Asbestos-Laced Makeup: Children’s Products Continue To Be Contaminated With Deadly Fiber
Claire's Bedazzled Rainbow Heart Makeup Set is among the company’s products to be recalled for asbestos testing.
The troubling news about the presence of asbestos in children’s makeup is just the latest example of the deadly fiber contaminating imported products marketed toward children, said Environmental Working Group (EWG).
The national retail chain Claire’s, which sells jewelry, makeup and other items targeted toward young girls and children, recently announced it was recalling a number of its makeup products after they tested positive for asbestos.
In 2000, an investigation by journalists with the Seattle Post Intelligencer discovered asbestos in imported crayons made with talc.
Shortly after EWG Action Fund published the results of its 2015 report, it called on the U.S. Consumer Product Safety Commission to investigate asbestos contamination in children’s crayons and toys. EWG urged the CPSC to order toy companies to stop using talc that might be contaminated with asbestos in children’s products.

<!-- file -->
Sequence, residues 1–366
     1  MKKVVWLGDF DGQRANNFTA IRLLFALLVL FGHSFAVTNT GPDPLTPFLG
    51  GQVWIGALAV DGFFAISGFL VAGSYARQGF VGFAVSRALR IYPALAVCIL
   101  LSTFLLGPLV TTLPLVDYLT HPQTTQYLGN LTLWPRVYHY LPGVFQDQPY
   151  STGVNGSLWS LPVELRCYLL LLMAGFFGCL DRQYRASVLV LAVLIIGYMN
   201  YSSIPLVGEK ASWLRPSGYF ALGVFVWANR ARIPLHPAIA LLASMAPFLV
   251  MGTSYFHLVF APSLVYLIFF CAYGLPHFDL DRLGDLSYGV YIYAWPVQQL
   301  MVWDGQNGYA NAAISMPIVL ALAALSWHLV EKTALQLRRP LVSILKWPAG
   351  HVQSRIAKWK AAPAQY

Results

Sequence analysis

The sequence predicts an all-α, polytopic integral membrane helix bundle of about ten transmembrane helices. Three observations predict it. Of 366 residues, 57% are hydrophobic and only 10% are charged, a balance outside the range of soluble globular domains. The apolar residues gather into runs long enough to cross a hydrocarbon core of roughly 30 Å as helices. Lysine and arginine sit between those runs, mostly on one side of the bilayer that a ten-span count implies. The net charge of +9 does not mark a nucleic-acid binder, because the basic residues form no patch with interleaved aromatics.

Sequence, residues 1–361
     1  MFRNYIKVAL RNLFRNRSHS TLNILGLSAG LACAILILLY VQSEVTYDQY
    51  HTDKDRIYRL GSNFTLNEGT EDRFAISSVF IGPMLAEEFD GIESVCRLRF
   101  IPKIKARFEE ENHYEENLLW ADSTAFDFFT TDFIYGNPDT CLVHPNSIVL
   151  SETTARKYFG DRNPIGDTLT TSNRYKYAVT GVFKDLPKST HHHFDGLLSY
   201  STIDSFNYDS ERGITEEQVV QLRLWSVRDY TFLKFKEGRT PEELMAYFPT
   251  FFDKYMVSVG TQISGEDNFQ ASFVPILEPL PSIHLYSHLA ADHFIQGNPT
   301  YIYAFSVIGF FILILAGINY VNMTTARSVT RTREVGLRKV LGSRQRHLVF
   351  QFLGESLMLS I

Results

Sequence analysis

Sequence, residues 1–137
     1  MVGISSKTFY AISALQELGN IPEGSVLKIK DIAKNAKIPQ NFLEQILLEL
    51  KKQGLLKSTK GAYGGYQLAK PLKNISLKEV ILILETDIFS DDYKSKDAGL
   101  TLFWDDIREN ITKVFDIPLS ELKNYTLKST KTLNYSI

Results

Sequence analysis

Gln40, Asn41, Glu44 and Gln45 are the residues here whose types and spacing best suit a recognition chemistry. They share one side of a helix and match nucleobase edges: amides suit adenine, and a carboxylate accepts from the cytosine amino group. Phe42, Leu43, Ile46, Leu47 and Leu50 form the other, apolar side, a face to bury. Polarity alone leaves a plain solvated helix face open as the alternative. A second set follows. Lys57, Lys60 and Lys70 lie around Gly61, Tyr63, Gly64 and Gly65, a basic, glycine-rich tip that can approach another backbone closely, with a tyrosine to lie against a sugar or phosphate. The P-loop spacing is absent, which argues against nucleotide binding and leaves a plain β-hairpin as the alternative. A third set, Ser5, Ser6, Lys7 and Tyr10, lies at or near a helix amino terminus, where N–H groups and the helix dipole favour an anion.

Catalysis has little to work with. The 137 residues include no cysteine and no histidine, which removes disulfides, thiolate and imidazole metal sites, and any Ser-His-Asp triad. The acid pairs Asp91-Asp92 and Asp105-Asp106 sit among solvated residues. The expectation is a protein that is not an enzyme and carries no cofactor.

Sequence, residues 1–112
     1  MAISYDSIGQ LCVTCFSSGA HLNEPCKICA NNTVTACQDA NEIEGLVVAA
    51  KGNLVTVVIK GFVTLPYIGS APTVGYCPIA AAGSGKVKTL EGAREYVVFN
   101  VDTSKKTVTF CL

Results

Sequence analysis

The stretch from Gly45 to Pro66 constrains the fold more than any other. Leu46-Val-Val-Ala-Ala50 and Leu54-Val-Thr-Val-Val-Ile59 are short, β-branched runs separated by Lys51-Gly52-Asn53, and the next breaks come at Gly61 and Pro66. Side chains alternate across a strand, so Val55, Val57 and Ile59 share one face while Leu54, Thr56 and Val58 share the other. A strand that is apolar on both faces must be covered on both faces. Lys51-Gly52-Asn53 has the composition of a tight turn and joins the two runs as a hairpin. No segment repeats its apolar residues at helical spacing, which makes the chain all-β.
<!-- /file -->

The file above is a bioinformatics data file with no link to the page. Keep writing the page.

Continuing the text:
“It seems every time someone looks for asbestos in imported children’s products that include talc as an ingredient they find the deadly fiber,” said Alex Formuzis, vice president for communications at EWG. “This should outrage both parents and federal regulators alike. There is no safe level of asbestos exposure so if a child inhales even the smallest amount it can lead to asbestos-triggered diseases, like mesothelioma, later in life.”
All of the children’s products where asbestos was detected were imported from China and included talc as an ingredient.
Geologically, talc and asbestos can be formed from the same parent rock. In many regions, talc deposits are contaminated with asbestos fibers.
Asbestos fibers lodged in the lungs or other organs can cause grave, often fatal, illnesses whose symptoms are not evident for decades after exposure. If children are exposed when young, there is more time for asbestos-related illness to develop later in life.
This article was republished from EcoWatch.